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Yes, it does. However if this is a criminal matter, a pro bono attorney is normally appointed by the Court. One tells the Judge that one cannot afford counsel, and the Court will then want to hear about your financial situation. If the Court feels that your financial situation does not allow to hire counsel and you cannot work to hire counsel, the Judge will appoint you an attorney.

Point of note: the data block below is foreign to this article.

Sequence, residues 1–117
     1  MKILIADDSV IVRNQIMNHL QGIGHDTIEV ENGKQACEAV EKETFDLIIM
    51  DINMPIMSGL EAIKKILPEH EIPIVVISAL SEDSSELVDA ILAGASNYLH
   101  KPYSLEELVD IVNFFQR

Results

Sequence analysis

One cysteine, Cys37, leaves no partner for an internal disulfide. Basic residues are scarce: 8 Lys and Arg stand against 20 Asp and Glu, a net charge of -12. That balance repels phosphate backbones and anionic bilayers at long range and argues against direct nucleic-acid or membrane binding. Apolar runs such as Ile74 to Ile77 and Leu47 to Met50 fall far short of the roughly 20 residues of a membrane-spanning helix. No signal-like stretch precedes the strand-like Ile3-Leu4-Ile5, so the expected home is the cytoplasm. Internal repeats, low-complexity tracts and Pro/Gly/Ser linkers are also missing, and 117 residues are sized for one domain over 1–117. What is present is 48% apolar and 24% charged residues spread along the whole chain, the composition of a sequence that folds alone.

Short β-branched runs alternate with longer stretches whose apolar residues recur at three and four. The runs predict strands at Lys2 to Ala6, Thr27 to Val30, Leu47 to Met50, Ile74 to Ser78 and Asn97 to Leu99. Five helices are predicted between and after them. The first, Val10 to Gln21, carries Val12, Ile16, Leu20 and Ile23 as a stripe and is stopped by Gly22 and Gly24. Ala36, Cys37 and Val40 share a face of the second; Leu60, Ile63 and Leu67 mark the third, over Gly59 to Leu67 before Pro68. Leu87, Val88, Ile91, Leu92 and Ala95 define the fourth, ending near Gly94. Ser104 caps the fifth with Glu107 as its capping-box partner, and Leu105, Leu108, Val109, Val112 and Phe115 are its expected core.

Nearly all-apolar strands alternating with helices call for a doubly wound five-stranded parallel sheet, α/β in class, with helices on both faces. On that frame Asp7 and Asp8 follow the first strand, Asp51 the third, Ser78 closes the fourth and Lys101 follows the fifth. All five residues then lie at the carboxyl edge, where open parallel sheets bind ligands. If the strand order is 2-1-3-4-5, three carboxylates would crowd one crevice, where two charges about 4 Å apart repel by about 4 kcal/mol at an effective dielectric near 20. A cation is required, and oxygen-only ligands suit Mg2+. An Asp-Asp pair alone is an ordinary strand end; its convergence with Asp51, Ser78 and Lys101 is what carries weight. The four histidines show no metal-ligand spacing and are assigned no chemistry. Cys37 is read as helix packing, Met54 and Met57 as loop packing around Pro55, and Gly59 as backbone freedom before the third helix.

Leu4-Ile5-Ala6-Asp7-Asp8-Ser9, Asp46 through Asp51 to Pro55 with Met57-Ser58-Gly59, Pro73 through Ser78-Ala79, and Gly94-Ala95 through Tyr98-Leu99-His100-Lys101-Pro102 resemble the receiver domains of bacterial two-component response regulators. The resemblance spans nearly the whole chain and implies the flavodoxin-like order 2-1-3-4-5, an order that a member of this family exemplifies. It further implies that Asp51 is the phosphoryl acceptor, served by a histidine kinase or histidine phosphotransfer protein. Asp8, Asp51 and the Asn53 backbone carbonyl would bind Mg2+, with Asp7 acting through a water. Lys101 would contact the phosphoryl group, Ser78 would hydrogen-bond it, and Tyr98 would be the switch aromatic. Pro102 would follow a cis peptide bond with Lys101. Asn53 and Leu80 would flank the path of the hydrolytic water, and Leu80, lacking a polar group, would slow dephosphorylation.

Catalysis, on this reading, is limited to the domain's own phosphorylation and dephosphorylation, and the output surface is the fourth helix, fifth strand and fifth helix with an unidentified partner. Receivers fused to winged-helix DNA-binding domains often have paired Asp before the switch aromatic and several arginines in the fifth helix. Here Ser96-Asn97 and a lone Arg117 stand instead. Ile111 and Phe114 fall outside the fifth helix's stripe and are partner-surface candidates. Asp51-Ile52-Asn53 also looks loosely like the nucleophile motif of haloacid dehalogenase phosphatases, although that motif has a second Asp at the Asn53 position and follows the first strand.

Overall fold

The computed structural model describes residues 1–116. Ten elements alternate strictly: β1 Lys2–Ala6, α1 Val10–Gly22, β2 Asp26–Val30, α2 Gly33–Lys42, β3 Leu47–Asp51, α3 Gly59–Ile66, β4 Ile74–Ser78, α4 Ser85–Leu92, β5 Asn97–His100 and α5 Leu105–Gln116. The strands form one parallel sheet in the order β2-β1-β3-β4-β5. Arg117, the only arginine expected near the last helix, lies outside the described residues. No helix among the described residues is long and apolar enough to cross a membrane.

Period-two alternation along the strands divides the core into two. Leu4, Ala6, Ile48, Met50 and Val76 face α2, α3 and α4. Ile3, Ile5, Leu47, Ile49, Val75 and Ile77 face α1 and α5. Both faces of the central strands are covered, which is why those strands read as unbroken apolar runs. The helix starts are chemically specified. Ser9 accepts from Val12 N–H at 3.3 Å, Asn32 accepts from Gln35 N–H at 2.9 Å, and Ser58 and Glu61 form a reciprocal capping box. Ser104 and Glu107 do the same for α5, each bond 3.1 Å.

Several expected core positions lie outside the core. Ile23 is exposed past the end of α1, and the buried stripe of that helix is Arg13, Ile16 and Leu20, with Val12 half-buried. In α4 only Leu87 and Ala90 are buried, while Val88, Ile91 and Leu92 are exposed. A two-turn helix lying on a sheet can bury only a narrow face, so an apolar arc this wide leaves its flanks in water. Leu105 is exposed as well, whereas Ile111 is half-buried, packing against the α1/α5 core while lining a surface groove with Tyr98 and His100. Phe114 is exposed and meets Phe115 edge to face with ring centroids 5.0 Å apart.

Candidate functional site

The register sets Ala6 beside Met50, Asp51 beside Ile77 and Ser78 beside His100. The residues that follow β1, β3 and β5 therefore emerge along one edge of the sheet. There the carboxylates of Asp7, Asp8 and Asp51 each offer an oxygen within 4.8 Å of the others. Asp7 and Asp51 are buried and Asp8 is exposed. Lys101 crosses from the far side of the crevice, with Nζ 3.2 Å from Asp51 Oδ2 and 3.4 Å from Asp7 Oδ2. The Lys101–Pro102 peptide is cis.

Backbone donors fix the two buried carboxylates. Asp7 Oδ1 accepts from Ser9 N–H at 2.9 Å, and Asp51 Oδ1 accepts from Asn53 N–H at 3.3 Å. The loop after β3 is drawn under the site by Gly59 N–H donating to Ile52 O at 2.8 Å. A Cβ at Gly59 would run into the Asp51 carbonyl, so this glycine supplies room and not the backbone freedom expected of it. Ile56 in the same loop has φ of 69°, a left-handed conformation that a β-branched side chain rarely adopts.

However, this is not necessarily true if the charge is a misdemeanor. If the charge is a misdemeanor, the Court may refuse to appoint counsel.
If so, then there are other options. I can recommend three resources. First, here is a list of all pro bono work in the state...
…and another list:
Finally, you may call your local law school and see if they have a legal clinic place available. The legal clinic is a free service the school(s) provide to the community. While they are often overbooked, they have openings sometimes. Here is the list law schools in your state:
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